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Australian MP Luke Simpkins visits Buddhist dissident Thich Quang Do in Saigon

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PARIS, 10 January 2011 (IBIB) – Mr. Luke Simpkins, Liberal Member of the Australian Parliament, paid a visit on Saturday 8th January to prominent dissident Thich Quang Do, Patriarch of the outlawed Unified Buddhist Church of Vietnam (UBCV) at the Thanh Minh Zen Monastery in Saigon (Ho Chi Minh City), where he is under house arrest. The meeting was arranged through the Australian Consulate in Saigon, but due to last minute problems, no-one from the Consulate came with Mr. Simpkins. He was obliged to ask the help of UBCV monks to bring him safely to Thich Quang Do’s residence.

Patriarch Thich Quang Do told the International Buddhist Information Bureau by phone today that he had discussed in English with Mr. Simpkins about the growing tensions in Vietnam prior to the 11th Communist Party Congress, such as increased controls and harassments of religious and political dissidents. There is no improvement in Hanoi’s religious or human rights policies, he told the Australian MP, raising examples such as the arrest of lawyer Cu Huy Ha Vu, the recent closures of Websites and blogs and evidence of a widespread clampdown on freedom of expression, association and the press. Despite being ill with a heavy cold, Thich Quang Do received Mr. Simpkins for almost two hours.

The 82-year-old UBCV Patriarch gave Mr. Simpkins a dossier on human rights violations in 2010, and asked him to urge Australia to raise these issues with the Vietnamese government. Thich Quang Do specifically appealed for Australia’s support in the following four specific areas:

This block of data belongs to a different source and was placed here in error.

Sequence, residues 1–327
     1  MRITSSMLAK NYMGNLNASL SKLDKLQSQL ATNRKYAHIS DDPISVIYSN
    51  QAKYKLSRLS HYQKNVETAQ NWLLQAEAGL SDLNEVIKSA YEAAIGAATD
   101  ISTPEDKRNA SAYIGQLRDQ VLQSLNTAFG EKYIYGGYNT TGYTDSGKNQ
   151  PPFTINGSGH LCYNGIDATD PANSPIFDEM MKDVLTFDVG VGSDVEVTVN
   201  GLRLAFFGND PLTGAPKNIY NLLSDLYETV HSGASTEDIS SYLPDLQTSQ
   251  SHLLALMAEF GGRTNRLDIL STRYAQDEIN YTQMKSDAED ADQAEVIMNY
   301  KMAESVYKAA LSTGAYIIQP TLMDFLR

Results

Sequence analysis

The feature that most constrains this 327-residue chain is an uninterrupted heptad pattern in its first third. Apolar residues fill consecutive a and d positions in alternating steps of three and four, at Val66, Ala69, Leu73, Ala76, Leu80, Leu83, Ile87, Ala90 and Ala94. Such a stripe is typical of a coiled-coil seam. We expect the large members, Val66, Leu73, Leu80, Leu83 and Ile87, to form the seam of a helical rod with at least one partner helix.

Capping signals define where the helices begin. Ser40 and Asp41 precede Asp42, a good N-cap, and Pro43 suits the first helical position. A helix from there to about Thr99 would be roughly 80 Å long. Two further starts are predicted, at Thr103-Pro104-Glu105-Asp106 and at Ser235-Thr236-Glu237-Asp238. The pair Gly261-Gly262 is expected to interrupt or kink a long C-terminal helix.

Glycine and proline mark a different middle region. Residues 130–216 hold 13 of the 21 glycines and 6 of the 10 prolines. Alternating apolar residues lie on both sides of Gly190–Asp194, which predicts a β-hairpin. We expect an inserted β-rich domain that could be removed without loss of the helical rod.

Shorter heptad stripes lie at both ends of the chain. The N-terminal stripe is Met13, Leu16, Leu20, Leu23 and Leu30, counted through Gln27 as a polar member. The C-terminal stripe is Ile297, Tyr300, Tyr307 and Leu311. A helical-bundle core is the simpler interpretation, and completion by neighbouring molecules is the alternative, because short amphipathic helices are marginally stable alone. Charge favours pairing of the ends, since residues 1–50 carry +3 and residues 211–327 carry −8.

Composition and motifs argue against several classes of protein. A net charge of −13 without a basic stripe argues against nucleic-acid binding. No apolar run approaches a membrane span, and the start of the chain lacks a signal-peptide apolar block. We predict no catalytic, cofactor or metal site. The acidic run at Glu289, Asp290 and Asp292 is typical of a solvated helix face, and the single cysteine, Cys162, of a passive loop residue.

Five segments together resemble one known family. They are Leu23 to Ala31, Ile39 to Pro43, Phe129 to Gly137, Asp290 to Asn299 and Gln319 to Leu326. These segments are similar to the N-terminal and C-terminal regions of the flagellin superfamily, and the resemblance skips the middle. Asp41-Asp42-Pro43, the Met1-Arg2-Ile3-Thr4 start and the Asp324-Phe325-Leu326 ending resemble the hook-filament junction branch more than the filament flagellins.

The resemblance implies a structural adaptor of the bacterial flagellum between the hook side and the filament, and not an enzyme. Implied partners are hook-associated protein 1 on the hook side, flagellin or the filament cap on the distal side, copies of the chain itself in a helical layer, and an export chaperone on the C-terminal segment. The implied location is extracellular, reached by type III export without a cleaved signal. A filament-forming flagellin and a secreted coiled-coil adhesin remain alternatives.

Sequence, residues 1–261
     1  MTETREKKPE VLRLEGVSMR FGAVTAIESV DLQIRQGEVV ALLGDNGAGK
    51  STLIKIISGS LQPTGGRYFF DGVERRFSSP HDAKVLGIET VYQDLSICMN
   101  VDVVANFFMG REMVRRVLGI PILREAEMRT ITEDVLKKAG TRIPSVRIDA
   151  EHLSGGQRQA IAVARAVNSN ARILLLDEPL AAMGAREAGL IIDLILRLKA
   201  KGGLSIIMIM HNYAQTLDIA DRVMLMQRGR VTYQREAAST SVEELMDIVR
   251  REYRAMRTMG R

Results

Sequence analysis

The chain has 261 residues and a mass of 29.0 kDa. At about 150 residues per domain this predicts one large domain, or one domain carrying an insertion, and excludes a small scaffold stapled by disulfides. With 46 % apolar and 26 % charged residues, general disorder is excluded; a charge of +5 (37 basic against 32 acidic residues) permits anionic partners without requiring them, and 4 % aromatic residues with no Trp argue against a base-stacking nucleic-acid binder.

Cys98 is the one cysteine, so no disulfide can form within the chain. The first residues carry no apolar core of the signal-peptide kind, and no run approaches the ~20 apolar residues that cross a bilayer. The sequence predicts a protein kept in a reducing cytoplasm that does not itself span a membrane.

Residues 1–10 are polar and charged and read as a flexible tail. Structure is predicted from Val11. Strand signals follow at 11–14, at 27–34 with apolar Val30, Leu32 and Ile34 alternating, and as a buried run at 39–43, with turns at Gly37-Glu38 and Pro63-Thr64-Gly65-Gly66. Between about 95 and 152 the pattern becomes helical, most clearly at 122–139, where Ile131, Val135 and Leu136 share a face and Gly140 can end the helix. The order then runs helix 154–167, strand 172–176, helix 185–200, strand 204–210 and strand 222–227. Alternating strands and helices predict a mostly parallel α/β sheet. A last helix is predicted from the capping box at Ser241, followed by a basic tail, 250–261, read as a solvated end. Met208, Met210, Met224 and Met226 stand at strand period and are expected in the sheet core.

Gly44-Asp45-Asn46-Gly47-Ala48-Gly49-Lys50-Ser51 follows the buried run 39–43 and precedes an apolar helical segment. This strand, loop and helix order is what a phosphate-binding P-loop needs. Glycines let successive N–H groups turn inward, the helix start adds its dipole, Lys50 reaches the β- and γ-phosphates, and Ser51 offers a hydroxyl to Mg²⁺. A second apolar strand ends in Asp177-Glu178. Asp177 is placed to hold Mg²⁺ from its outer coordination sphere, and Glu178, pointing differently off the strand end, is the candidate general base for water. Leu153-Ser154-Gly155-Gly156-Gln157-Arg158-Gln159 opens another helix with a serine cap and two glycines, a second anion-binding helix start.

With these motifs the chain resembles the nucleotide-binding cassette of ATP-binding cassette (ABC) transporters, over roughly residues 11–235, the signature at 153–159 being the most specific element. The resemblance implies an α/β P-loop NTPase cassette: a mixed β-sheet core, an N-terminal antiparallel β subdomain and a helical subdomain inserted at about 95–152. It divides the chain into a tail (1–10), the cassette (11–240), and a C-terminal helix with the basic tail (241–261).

1. To press Vietnam to cease violations of the rights to freedom of expression, the press, assembly and association, as well as freedom of religion and belief, and to strongly insist on concrete progress in Australia’s annual human rights dialogues with Vietnam;

2. To increase Australia’s efforts to urge Vietnam to uphold its international obligations to respect key UN human rights instruments it has ratified, and release all prisoners detained for the peaceful expression of their opinions and beliefs;

3. To call upon Vietnam to reestablish the legitimate status of the Unified Buddhist Church of Vietnam;

4. To demand the respect of human rights as an essential element of all trade and diplomatic relations between Australia and Vietnam, and to condition development aid on concrete human rights progress.

Mr Simpkins promised to raise these issues with the government on his return to Australia. He took a photo with Thich Quang Do, and asked him to give a brief message in Vietnamese which he recorded for the Vietnamese community in Australia.

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